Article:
News & Politics

Failure Squared: War on Drugs Meets the War on Terror

Something to celebrate?

U.S. envoy Richard Holbrooke is congratulating himself for ending the Bush administration's expensive and ineffective opium poppy eradication program. Trouble is, he's decided to replace eradication with interdiction.

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He's only switching to the same failed strategy that the rest of the drug war is based on. Interdiction doesn't stop the billion dollar drug trade right here in the U.S., where the government actually controls all the territory. What makes Holbrooke think that interdiction will work in Afghanistan when the coalition doesn't even have a presence in, let alone control of, most of the territory.

Here's how Holbrooke described a successful interdiction at a press briefing yesterday:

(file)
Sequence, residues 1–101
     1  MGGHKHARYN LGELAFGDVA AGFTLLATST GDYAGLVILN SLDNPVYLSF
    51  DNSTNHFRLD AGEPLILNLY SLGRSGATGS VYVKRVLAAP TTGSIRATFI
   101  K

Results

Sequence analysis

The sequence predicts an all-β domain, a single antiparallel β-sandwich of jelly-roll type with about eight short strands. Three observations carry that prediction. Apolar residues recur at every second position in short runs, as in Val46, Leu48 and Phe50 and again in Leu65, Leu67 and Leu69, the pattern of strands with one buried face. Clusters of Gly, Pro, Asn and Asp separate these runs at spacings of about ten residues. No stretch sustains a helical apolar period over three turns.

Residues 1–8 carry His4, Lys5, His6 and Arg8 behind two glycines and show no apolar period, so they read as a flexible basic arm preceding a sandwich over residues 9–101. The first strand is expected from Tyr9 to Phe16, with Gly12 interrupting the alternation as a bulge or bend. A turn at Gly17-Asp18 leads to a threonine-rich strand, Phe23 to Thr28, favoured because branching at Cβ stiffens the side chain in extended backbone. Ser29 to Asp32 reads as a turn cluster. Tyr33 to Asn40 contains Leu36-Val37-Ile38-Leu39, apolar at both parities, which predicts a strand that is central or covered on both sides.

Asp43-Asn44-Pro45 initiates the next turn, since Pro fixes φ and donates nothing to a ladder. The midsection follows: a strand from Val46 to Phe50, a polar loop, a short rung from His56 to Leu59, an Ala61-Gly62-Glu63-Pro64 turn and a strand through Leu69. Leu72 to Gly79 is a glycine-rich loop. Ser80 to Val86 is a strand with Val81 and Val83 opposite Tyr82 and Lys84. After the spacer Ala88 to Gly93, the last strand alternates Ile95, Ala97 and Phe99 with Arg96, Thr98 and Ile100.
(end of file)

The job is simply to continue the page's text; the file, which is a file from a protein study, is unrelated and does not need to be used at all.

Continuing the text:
On this trip, we saw the first indications that it might work. And those indications came from the British and American forces in Helmand, where they targeted interdiction and made interdiction their goal and they went after drug dealers. And using modern technologies, they located what they called drug bazaars, marketplaces which sold drug paraphernalia, precursor chemicals, laboratory equipment, poppy seeds and there were vast amounts of opium, nice fluffy poppy, to buy and sell, and they destroyed them. [The Cable]

He says they used "modern technology" to find drug bazaars. Does he really mean drone strikes on drug markets? If so, that's going to work until the narcos give up on their farmer's markets and go underground like normal traffickers. Of course, that will be an impetus for defense contractors and private security firms to sell the U.S. another costly round of "modern technology" to detect slightly better-hidden dope.

And how long before a drone or an satellite image analyst mistakes a real farmer's market for a drug market?

Lindsay Beyerstein a New York writer blogging at Majikthise.